318 Political Portraits.—No. XXXVIII.-Levi Woodbury. (March,
POLITICAL PORTRAITS WITH PEN AND PENCIL.
OF NEW HAMPSHIRE.
(With a fine Engraving on Steel.)
It has long weighed grievously on our The result surpassed the utmost ex. editorial conscience, that the libellous pectations of his friends. In the disengraving of the distinguished New charge of the arduous and responsible Hampshire Senator, which by a strange duties of this station, he evinced the perversion of language was styled an most estimable qualifications of a judge embellishment to our Number for July, diligence, patience, firmness, and 1838, has hitherto been left unatoned good temper. His familiarity with for. We hereby gladly relieve our- legal principles and reach of mind, selves of the load of this remorse, and combined with his suavity of manners Mr. Woodbury from the imputation of and moral courage, enabled him to resemblance to the rough outline cari. conduct jury trials with great satisfac. cature referred to an imputation cal- tion to the public, while his judicial culated seriously to prejudice his fair opinions showed great research and repute in the eyes of a discerning pub- accurate discrimination. Ample testilic-by giving to our readers the ac- mony to the qualifications of Mr. companying more satisfactory likeness, Woodbury for the performance of the in a more satisfactory style of art, duties of his office, may be found in taken from a recent miniature. We the two first volumes of the Massashall not again retrace the narrative of chusetts Reports. Mr. Woodbury's life, which was given In 1819 he removed to Portsmouth, in considerable detail, on the former the commercial capital of New Hampoccasion, down to its date. Its lead- shire, where he has since continued to ing points were, that he was born at reside, with the exception of the period Francestown, an agricultural settle- during which his official duties as a ment in the interior of New Hamp- member of the cabinets of General shire, about the commencement of Jackson and Mr. Van Buren necessarily 1790 ; that he graduated with high stationed hiin at Washington. Rereputation at Dartmouth College in taiping always his house at Ports1809, and was admitted to the bar in mouth, Mr. Woodbury gladly returned 1812. He practised his profession to it as soon as he was permitted by with distinguished success, and rapidly the termination of those duties. rose to a high rank in it. When the He was elected Governor in 1822. Democratic Party acquired the ascen- In 1825, he was chosen by the town of dency in the State in 1816, he was Portsmouth a representative in the invited to the seat of Government, on Legislature of the State, and though the meeting of the Legislature, to dis. he had never before been a member of charge the duties of Secretary of the any legislative assembly, he was electSenate; and at the commencement of ed Speaker of the House. Among the the next year, he was appointed Judge last acts of the session was the choice of the Superior Court—though only, of Mr. Woodbury to fill a vacancy of course, twenty-seven years of age. which had occurred in the Senate of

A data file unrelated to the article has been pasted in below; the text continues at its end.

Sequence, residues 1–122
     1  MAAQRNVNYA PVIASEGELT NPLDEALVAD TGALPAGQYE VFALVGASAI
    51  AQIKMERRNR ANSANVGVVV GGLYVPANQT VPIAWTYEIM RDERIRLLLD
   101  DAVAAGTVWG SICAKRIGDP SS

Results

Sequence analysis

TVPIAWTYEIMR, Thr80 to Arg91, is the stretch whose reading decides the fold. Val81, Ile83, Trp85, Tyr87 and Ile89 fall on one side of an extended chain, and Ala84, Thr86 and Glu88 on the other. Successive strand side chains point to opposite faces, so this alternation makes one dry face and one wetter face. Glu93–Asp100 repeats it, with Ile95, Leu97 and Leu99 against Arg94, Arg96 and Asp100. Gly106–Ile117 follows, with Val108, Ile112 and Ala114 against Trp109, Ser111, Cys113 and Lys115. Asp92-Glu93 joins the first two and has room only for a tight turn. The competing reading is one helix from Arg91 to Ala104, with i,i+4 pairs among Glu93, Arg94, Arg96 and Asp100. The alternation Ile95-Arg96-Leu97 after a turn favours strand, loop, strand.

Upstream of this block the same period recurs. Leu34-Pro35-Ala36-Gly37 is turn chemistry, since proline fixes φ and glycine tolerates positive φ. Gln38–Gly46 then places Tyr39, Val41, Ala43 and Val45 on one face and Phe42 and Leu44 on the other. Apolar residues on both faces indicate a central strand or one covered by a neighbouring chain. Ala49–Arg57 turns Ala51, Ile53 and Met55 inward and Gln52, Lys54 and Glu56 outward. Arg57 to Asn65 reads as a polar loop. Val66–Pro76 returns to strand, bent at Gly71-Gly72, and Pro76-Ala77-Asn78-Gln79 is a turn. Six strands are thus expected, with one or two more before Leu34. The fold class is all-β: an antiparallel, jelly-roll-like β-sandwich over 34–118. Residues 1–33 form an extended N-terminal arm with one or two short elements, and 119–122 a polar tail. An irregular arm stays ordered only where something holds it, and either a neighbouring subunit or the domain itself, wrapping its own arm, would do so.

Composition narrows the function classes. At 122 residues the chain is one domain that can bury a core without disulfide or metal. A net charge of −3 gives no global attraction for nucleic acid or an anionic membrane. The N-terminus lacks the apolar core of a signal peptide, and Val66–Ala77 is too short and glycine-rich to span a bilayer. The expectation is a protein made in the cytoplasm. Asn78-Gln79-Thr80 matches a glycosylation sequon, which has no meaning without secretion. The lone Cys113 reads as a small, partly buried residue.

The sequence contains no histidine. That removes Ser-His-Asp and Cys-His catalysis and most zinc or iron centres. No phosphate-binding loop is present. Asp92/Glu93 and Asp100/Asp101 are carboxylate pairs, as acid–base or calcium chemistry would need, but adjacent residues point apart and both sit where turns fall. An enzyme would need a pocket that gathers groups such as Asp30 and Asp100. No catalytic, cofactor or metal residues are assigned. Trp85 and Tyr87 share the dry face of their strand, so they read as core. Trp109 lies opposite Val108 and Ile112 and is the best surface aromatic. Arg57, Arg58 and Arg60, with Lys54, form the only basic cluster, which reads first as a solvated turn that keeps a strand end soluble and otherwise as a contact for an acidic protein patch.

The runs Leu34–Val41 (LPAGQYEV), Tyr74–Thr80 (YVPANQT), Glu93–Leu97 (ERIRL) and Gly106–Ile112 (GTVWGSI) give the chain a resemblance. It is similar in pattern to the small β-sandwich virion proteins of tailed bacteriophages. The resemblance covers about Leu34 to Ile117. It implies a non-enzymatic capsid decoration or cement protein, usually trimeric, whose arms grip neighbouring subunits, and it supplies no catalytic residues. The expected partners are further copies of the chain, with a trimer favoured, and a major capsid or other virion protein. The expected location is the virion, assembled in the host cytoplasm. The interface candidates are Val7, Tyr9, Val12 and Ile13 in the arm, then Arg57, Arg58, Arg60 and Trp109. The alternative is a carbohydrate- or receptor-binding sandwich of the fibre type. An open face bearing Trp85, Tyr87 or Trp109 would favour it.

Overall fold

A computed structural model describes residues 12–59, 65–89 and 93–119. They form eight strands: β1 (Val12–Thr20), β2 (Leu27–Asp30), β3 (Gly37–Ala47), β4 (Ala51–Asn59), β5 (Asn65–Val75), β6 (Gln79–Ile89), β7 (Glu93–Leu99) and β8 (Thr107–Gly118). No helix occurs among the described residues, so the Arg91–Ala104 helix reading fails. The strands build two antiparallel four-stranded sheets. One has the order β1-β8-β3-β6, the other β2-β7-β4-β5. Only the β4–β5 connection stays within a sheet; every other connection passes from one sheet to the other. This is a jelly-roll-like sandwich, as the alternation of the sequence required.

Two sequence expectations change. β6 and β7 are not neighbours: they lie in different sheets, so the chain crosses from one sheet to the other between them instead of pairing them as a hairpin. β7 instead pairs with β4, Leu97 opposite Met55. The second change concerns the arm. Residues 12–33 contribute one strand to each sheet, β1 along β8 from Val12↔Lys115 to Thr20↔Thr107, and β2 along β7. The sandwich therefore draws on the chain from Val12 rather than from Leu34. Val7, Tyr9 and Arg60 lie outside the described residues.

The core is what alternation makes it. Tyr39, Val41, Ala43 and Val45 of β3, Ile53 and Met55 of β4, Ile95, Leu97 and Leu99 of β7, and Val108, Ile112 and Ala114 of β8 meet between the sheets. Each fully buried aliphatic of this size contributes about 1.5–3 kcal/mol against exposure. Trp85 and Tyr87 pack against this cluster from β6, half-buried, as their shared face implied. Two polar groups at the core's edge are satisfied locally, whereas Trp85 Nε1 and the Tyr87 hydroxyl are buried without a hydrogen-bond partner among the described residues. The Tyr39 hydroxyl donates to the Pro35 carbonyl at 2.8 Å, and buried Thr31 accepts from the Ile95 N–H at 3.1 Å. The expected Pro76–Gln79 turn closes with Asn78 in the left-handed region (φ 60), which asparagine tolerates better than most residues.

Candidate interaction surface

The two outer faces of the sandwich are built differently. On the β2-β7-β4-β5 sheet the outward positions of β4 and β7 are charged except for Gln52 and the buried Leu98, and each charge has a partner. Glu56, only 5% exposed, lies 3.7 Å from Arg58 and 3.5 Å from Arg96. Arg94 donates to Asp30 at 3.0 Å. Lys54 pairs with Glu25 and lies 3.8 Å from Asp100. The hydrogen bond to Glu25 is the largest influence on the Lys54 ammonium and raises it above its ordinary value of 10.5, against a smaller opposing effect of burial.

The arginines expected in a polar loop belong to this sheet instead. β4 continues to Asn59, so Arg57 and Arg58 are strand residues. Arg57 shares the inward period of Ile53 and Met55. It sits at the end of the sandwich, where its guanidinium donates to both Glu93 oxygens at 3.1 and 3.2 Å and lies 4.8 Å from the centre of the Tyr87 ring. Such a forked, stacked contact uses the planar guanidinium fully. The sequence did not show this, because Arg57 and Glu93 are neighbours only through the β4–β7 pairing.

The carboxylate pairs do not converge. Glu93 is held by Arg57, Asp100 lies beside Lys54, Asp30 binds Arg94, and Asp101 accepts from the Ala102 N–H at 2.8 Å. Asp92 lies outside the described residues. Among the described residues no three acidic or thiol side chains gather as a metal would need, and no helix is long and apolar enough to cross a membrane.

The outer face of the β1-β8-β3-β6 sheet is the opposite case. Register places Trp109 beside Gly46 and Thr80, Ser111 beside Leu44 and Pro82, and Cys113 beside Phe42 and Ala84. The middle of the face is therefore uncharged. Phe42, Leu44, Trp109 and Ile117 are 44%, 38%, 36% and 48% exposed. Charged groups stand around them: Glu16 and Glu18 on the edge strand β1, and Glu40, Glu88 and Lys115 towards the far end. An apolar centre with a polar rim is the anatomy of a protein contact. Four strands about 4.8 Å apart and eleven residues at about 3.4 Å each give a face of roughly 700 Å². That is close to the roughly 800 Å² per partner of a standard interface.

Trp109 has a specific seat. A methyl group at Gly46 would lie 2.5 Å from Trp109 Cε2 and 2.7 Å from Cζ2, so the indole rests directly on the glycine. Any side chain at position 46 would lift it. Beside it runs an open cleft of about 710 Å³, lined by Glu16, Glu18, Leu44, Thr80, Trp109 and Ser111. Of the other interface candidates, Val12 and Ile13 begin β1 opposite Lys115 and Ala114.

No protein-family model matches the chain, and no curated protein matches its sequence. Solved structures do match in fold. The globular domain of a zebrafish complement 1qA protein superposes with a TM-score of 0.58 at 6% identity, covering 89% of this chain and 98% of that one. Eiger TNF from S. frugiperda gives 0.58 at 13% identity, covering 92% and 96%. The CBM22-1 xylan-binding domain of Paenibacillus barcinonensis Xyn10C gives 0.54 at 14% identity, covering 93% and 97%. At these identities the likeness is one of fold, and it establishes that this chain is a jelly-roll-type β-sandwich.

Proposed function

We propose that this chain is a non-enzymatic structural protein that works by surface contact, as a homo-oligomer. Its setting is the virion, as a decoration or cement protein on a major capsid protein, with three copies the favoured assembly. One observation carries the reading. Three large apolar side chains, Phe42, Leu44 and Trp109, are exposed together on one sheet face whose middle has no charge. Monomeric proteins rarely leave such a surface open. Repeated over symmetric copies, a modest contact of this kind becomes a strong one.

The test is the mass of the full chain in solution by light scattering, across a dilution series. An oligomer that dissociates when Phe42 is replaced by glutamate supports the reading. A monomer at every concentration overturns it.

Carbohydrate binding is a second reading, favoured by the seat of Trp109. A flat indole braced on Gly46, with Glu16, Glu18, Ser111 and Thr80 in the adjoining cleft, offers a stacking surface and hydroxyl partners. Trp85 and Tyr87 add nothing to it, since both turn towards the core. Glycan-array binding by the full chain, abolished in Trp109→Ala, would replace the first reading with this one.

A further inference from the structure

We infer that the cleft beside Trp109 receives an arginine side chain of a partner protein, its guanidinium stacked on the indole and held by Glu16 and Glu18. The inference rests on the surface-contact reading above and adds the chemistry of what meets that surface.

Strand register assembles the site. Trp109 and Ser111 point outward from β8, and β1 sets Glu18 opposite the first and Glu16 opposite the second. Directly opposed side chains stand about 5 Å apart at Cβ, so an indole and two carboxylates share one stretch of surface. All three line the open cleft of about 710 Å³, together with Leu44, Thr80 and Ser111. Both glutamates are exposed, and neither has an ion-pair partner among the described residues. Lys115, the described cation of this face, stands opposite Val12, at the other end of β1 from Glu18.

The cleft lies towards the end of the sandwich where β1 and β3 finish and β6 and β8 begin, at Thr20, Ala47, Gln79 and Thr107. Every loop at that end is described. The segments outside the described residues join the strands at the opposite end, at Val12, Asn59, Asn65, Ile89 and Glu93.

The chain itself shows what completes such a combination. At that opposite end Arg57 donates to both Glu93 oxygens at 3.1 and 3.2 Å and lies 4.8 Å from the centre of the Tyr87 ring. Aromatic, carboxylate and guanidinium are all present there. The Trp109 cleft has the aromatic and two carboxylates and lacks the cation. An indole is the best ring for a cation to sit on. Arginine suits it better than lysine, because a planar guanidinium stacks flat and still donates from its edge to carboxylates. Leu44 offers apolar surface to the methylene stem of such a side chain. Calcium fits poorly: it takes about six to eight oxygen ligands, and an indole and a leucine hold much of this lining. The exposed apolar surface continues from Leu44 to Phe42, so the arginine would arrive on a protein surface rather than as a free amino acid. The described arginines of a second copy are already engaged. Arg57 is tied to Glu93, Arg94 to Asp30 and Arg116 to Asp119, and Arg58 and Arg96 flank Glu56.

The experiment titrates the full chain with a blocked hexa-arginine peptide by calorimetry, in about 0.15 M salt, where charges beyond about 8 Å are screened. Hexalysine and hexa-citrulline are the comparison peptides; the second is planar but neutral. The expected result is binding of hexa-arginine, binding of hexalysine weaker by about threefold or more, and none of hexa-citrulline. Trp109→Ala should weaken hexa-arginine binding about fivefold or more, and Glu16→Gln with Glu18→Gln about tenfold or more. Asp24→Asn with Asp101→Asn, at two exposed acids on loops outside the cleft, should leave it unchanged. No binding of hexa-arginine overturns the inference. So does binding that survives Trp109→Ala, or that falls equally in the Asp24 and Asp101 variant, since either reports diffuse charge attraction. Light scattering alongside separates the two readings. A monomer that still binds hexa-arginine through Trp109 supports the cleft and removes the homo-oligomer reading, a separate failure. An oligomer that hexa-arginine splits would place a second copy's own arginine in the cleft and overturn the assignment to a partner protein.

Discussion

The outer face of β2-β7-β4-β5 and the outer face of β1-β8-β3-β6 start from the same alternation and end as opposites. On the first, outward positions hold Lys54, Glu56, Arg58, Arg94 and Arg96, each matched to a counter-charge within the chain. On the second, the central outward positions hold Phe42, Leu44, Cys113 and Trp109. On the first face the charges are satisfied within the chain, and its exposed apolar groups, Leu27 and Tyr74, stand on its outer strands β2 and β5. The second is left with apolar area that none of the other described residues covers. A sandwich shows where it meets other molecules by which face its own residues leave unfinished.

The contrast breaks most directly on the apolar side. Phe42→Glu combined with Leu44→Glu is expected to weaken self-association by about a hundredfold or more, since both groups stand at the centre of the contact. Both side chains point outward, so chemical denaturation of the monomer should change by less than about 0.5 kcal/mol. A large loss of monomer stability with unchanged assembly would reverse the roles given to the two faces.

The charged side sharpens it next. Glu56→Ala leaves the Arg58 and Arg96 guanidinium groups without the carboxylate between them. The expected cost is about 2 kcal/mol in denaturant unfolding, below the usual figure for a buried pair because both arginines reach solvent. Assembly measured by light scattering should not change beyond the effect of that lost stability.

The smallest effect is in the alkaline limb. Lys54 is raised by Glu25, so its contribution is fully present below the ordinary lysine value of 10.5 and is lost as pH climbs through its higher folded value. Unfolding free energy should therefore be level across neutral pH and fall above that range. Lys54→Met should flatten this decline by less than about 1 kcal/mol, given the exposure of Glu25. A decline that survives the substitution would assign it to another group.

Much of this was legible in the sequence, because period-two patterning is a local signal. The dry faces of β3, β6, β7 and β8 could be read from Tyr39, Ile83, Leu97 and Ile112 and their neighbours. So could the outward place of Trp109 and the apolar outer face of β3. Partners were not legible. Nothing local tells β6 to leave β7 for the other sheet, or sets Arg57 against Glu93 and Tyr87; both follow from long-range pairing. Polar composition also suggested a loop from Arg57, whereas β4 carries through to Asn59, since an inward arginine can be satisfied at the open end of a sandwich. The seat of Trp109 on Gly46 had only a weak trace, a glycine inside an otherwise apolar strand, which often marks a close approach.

Ascending the bench of the highest the United States. judicial tribunal of the State, at an His career in the Senate was one of age more youthful than had before oc- high honor to himself and usefulness curred in its history, the appointment to the country. His talents, informaexcited much remark where Mr. tion, and habils of unwearied appliWoodbury was personally unknown. cation, gave him much influence upon